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Revitalizing Endangered Languages

Edited by Justyna Olko & Julia Sallabank

Revitalizing Endangered Languages "This guidebook provides ideas and strategies, as well as some background, to help with the effective revitalization of endangered languages. It covers a broad scope of themes including effective planning, benefits, wellbeing, economic aspects, attitudes and ideologies."

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Academic Paper

Title: How much homophony is normal?
Author: Abby Kaplan
Email: click here TO access email
Institution: University of Utah
Linguistic Field: Phonology
Subject Language: Korean
Abstract: This paper argues that neutralizing phonological alternations are sensitive to how much homophony they create among distinct lexical items: neutralizing rules create fewer homophones than expected. Building on a case study of Korean by Silverman (2010), I compare the neutralizing rules of Korean to a large number of hypothetical alternatives generated by Monte Carlo simulations. The simulations reveal that the actual rules of Korean frequently create far fewer homophones than similar (but unattested) rules, even when the rules that are compared are controlled for the number of phonemic contrasts they eliminate. These results suggest that phonological patterns are sensitive not only to high-level contrasts among phonemes but also to contrasts among individual lexical items. The effect is most pronounced when homophones are not weighted by frequency, a result that adds to evidence in the literature that the relevant measure of lexical frequency for many lexicon-sensitive phonological patterns is type frequency, not token frequency.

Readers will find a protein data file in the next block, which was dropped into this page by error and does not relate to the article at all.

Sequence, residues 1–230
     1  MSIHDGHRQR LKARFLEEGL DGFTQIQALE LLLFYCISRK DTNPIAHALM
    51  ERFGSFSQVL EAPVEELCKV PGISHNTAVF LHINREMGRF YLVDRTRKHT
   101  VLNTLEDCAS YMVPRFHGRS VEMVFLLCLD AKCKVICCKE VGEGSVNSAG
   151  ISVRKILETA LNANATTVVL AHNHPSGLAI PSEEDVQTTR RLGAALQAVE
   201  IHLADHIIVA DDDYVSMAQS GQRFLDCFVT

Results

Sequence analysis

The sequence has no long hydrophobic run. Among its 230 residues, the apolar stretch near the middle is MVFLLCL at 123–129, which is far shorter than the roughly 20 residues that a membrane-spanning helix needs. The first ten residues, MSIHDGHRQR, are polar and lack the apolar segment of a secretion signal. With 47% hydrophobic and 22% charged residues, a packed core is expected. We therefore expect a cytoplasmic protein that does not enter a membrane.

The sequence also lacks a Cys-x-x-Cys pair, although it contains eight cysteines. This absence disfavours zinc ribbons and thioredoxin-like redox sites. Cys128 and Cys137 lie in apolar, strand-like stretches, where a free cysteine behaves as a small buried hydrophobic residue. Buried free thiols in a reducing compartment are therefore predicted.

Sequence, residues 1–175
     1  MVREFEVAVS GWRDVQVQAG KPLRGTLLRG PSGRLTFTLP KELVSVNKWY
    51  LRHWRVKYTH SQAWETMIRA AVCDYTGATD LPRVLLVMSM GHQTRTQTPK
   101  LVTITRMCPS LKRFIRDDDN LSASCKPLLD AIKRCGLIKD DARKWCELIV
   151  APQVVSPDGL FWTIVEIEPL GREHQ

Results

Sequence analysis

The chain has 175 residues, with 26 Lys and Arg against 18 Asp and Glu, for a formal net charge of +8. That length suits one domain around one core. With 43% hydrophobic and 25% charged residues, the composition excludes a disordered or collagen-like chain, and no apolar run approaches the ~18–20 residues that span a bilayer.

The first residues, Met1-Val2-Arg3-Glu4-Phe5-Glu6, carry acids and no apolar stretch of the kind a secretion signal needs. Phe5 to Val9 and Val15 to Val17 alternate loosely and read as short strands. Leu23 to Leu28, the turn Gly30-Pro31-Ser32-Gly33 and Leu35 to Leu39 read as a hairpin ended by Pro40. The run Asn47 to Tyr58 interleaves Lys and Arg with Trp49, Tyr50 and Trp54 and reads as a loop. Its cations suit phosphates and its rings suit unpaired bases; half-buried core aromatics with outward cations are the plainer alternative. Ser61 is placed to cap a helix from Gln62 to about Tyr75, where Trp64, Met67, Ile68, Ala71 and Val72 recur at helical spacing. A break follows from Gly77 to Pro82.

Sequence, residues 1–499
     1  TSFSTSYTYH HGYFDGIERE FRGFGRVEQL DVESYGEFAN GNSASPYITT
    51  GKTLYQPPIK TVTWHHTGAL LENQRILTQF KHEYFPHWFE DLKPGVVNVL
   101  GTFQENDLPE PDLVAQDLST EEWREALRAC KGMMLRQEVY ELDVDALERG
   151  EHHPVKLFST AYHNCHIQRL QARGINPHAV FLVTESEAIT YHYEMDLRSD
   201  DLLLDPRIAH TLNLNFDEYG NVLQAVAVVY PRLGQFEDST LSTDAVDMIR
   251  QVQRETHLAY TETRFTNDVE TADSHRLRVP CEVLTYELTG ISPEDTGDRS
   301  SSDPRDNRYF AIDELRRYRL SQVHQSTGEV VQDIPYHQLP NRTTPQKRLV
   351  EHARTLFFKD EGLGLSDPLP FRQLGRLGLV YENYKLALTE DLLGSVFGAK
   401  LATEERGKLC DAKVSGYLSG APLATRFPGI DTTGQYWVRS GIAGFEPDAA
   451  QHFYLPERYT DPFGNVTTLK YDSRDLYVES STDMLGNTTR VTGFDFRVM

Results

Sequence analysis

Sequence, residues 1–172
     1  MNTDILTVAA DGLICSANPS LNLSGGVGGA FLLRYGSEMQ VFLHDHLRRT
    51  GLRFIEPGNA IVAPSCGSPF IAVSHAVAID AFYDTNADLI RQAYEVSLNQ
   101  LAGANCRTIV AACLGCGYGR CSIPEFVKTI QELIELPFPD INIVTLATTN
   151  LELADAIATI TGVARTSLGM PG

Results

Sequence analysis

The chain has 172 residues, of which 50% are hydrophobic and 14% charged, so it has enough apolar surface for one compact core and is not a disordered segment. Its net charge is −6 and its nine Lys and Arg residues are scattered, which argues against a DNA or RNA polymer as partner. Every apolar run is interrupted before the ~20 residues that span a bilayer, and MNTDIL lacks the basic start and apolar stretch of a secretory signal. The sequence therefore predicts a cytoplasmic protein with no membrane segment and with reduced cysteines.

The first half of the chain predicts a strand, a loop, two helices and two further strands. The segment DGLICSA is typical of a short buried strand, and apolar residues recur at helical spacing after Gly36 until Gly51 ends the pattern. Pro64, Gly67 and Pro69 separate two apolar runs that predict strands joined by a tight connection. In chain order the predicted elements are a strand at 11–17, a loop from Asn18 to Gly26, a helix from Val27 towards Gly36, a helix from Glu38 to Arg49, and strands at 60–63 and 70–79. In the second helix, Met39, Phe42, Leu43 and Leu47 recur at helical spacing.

This article appears IN Journal of Linguistics Vol. 47, Issue 3.

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